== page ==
Question: What is the distribution of work in the community?
The minimum number of companies whose employees perform a parameterizable definition of the total percentage of commits in a software repository is a project's 'elephant factor'. For example, one common filter is to say 50% of the commits are performed by
n companies and that is the elephant factor. One would begin adding up to the parameterized percentage using the largest organizations making contributions, and then the next largest and so on. So, for example, a project with 8 contributing organizations who each contributed 12.5% of the commits in a project would, if the elephant factor is parameterized at 50%, have an elephant factor of "4". If one of those organizations was responsible for 50% of commits in the same scenario, then the elephant factor would be "1".
Elephant Factor provides an easy-to-consume indication of the minimum number of companies performing a certain percentage (i.e. 50%) of the work. The origin of the term "elephant factor" is not clearly delineated in the literature, though it may arise out of the general identification of software sustainability as a critical non-functional software requirements by Venters et al (2014).
A company evaluating open source software products might use elephant factor to compare how dependent a project is on a small set of corporate contributors. Projects with low elephant factors are intuitively more vulnerable to decisions by one enterprise cascading through any enterprise consuming that tool. The parameterized filter should reasonably be different for a project to which 1,000 organizations contribute than one to which, perhaps 10 contribute. At some volume of organizational contribution, probably something less than 1,000 organizations, elephant factor is likely not a central consideration for software acquisition because reasonable managers will judge the project not vulnerable to the decisions of a small number of actors. Such thresholds are highly contextual.
The formula for elephant factor is a percentile calculation. If we have 8 organizations who each contribute the following number of commits to a project:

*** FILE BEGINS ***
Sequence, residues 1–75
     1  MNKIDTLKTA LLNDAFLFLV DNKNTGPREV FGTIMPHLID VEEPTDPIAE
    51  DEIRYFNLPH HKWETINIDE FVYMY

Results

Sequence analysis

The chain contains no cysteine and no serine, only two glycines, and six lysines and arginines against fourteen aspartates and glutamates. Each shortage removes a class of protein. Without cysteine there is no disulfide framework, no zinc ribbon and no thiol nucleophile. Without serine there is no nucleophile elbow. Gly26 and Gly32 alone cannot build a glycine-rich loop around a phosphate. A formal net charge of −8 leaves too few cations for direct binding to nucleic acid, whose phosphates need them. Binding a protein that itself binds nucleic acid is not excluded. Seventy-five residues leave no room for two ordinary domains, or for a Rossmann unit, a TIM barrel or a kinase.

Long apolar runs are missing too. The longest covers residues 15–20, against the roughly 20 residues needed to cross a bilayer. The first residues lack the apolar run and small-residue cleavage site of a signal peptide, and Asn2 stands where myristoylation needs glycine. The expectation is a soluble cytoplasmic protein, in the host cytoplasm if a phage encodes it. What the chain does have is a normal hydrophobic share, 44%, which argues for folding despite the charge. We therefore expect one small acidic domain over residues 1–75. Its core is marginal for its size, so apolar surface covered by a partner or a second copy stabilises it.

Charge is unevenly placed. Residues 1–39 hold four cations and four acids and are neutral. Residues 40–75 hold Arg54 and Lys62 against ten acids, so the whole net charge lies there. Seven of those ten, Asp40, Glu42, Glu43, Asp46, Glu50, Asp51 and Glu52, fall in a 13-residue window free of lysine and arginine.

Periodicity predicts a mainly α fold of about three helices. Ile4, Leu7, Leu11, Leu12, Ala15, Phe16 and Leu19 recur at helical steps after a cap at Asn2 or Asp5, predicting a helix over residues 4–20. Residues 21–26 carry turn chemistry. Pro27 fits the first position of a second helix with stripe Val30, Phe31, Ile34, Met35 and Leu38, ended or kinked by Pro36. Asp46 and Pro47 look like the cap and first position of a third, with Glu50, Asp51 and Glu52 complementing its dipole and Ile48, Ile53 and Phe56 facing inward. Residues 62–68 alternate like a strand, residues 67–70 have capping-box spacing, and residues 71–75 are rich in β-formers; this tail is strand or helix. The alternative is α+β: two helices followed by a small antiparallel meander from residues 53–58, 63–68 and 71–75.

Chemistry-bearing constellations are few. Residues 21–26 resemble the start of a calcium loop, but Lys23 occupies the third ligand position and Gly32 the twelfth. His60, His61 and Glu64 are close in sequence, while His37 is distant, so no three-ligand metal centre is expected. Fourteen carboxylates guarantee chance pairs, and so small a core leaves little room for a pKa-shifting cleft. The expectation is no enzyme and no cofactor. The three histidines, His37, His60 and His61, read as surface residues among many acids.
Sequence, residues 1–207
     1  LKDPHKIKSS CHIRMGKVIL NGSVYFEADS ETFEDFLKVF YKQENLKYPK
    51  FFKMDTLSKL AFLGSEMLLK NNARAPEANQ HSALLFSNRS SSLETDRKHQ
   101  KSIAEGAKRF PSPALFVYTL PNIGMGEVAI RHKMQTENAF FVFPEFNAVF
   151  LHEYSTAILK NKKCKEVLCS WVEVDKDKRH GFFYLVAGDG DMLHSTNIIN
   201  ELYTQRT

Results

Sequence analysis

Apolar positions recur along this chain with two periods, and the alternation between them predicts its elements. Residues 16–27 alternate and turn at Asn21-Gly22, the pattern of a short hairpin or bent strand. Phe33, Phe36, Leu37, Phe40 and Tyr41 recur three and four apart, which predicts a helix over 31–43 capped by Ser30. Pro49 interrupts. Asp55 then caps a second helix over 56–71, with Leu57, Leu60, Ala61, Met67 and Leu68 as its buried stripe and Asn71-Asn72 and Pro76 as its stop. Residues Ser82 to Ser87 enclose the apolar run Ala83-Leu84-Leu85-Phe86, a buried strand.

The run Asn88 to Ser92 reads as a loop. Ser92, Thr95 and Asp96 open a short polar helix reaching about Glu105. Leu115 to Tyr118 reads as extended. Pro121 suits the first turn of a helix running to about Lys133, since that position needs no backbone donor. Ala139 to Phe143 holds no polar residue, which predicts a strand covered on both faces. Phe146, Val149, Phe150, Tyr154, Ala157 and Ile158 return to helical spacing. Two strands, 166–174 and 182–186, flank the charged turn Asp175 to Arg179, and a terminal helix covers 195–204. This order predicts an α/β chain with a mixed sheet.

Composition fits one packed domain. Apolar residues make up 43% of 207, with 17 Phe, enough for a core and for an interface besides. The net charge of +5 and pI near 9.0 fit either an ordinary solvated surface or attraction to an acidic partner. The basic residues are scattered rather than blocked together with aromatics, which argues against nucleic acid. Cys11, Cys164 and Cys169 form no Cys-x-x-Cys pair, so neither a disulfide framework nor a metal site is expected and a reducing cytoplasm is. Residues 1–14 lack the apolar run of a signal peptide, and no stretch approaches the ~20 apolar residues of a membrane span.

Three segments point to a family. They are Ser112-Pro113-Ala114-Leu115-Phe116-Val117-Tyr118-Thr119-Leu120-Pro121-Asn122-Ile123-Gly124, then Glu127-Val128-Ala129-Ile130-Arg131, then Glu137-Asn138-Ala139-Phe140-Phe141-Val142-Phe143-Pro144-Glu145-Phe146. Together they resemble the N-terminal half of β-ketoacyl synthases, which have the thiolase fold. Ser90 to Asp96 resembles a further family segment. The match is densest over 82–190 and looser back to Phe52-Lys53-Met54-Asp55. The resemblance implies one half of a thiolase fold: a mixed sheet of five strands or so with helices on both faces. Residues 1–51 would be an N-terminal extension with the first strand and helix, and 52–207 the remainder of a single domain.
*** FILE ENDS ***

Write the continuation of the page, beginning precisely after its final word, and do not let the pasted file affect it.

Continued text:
1000,202,90,33,332,343,42,433, then we can determine the elephant factor by first identifying the 50th percentile of total commits for all the companies.
Summary: 50th percentile = 267, so the elephant factor is 4.
- Arrange the data in ascending order: 33, 42, 90, 202, 332, 343, 433, 1000
- Compute the position of the pth percentile (index i):
i = (p / 100) * n), where p = 50 and n = 8
i = (50 / 100) * 8 = 4
- The index i is an integer ⇒ the 50th percentile is the average of the values in the 3th and 4th positions (202 and 332 respectively)
- Answer: the 50th percentile is (202 + 332) / 2 = 267, therefore the
elephant factor = 4.
- Time: Reasonably the Elephant Factor will change if one takes a snapshot of any prior time period, so the elephant factor over the life of a product may misrepresent the current level of organizational diversity supported by the project.
- Repository Group: Many open source projects include multiple repositories, and in some cases examining all of the repositories associated with any given project provides a more complete picture of elephant factor.
Tools Providing the Metric
- GrimoireLab provides this metric out of the box, not as a single number but as a visualization.
- View an example on the CHAOSS instance of Bitergia Analytics.
- Download and import a ready-to-go dashboard containing examples for this metric visualization from the GrimoireLab Sigils panel collection.
- Add a sample visualization to any GrimoreLab Kibiter dashboard following these instructions:
- Create a new
- Select the
- Metrics Slice Size:
- Buckets Splice Slices:
metric: CountOrder By,
- Create a new
- Example screenshot:
- Colin C. Venters, Lydia Lau, Michael K. Griffiths, Violeta Holmes, Rupert R. Ward, Caroline Jay, Charlie E. Dibsdale, and Jie Xu. 2014. The Blind Men and the Elephant: Towards an Empirical Evaluation Framework for Software Sustainability. Journal of Open Research Software 2, 1. https://doi.org/10.5334/jors.ao